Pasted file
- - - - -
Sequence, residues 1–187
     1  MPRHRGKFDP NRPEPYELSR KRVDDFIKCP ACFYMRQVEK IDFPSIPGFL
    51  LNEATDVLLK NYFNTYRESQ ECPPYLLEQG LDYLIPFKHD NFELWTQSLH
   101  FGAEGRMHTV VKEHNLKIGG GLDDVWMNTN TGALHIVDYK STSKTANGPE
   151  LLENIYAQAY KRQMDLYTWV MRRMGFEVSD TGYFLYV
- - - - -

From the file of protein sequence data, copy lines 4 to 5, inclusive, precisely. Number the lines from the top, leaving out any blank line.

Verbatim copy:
   101  FGAEGRMHTV VKEHNLKIGG GLDDVWMNTN TGALHIVDYK STSKTANGPE
   151  LLENIYAQAY KRQMDLYTWV MRRMGFEVSD TGYFLYV